February 07, 2023

Food prices were 10.7 percent higher in November 2022 compared with November 2021, according to Stats New Zealand.


Kiwis are seeing price increases across all food categories - grocery food prices increased by 10 per cent, fruit and vegetables increased by a whopping 20 per cent and meat, poultry and fish prices increased by 12 per cent.


Restaurant meals and ready-to-eat food prices increased by eight per cent.


It’s the highest annual food price increase recorded since September 2008, and it comes at the same time that we are facing higher interest rates and increases in other household expenses.


Combined with the extra costs of Christmas and the summer holiday period, it’s no wonder our bank accounts are looking decidedly unhealthy.


But the good news is that food is one area where you can save some money by making a few small changes. Here are our tips for spending less at the supermarket:


  • Have a budget for food and stick to it


  • Plan meals ahead and shop with a list once a week so you only buy what you need. Buying something on special doesn’t save you money if you end up throwing it out!


  • Stick with what’s in season – when you are meal planning and shopping, look at fruit and vegetables that are arriving fresh from local growers. Avoid paying high prices for food that’s imported or out of season – not only does it cost more, it also won’t taste as fresh.


  • Reduce food waste - New Zealand households throw away 157,000 tonnes of food a year. That is equivalent to 271 jumbo jets of food that doesn’t get eaten. Planning meals is a good start. But we can also look at using more of the food we buy. There are plenty of vegetables, such as carrots, that can be eaten with the skin on. There are also lots of vegetables like broccoli and cauliflower that you can use from tip to stalk. Broccoli stalks are great in a stir-fry or curry.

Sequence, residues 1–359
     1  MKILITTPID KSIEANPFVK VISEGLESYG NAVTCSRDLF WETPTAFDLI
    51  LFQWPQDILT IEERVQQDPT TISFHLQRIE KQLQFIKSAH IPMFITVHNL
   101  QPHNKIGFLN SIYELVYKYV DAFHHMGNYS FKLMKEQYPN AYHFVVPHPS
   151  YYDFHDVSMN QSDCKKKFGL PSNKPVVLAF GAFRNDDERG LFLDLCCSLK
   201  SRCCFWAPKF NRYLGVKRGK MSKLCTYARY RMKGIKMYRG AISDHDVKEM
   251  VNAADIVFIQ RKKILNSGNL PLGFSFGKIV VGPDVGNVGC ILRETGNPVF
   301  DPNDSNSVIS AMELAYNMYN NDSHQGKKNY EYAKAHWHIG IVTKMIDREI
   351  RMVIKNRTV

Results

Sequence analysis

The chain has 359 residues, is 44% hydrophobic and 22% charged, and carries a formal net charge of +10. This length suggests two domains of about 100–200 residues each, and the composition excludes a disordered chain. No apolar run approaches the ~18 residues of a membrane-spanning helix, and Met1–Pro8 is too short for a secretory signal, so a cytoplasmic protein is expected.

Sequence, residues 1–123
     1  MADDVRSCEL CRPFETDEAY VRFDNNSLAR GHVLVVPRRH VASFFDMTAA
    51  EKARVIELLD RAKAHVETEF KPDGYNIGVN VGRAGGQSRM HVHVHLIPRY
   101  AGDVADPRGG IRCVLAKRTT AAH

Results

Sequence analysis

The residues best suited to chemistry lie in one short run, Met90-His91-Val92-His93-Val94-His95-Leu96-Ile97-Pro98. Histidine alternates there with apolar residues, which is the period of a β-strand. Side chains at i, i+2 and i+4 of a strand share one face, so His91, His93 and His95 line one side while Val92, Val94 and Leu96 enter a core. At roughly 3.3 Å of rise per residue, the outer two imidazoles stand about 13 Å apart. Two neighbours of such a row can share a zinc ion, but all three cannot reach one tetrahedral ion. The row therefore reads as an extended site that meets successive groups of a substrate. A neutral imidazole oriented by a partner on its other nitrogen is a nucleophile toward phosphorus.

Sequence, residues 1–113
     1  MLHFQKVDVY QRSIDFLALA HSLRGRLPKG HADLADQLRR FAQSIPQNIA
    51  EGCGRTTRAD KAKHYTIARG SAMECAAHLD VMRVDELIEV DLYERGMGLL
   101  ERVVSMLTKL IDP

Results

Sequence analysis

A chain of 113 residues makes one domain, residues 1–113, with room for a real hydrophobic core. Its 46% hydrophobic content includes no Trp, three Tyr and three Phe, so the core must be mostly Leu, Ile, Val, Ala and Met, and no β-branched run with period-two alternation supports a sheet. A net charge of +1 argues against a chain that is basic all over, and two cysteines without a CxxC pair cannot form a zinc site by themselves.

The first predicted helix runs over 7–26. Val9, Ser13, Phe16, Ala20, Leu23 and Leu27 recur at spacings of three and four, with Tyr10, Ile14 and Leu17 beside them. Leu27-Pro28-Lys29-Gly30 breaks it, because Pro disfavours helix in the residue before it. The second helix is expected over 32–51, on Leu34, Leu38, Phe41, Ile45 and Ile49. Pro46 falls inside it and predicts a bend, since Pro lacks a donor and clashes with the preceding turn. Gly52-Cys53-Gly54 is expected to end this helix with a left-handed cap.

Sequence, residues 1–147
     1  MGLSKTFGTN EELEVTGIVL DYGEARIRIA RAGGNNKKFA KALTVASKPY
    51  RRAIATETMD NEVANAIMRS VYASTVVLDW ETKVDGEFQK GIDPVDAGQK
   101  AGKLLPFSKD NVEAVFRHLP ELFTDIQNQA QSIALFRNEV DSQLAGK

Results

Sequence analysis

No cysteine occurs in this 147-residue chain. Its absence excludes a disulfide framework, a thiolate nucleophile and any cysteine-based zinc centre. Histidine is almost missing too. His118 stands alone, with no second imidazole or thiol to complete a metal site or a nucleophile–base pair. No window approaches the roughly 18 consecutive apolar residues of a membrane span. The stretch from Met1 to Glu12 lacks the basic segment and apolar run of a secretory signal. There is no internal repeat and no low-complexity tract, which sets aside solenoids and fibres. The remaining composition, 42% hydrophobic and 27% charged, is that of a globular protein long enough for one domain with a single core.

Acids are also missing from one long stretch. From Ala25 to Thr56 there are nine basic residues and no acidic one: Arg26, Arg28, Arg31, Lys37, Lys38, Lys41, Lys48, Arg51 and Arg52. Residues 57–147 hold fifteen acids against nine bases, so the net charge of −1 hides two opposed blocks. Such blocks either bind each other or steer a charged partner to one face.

• Look at buying food on subscription – meal plans such as Hello Fresh or My Food Bag could save money in the long run as you are only paying for what you need. Te Atatu Toasted flexible monthly subscriptions save you up to 25 per cent on the cost of a healthy breakfast! They also reduce the waste as you avoid having open cereal bags that go stale and often end up being thrown out.


  • Use your freezer wisely – it’s more cost effective to make big batches of pasta sauce and curries and freeze in meal-sized portions. Also freeze leftovers if you know you are not going to eat them in the next day or so – otherwise they just get chucked out. Or if your supermarket is offering cheap deals on a particular cut of meat, stock up and freeze some to use later.


  • Consider a few meatless meals each week – not only will you save money, you will also be helping the environment. Look for recipes that use cheaper alternatives such as lentils, canned beans, chickpeas or canned fish.


  • Watch portion sizes – if you make a meal intending to have leftovers for lunch the next day, put that aside before you serve. That means you or your family won’t eat two meals’ worth of food in one go.


  • Look at how you are storing food to ensure it lasts longer.
  • Bread should be kept in the fridge or freezer to stop it going mouldy
  • Put a selection of fruit in the fruit bowl and keep the rest in the fridge to keep it fresher longer. This works well for many fruits including apples, citrus fruit and ripe feijoas, kiwifruit and stone fruit
  • Keep potatoes and onions in a cool, dark area but don’t store them together. They both release moisture which makes them sprout faster.
  • Keep tomatoes at room temperature
  • Wrap pumpkin in cling film and store int the fridge
  • Consider investing in containers that help keep produce fresher longer – check out Sistema Freshworks range or the Décor Tellfresh range available at Spotlight.


By focusing on reducing your food bill, you can lessen the financial stress for your family.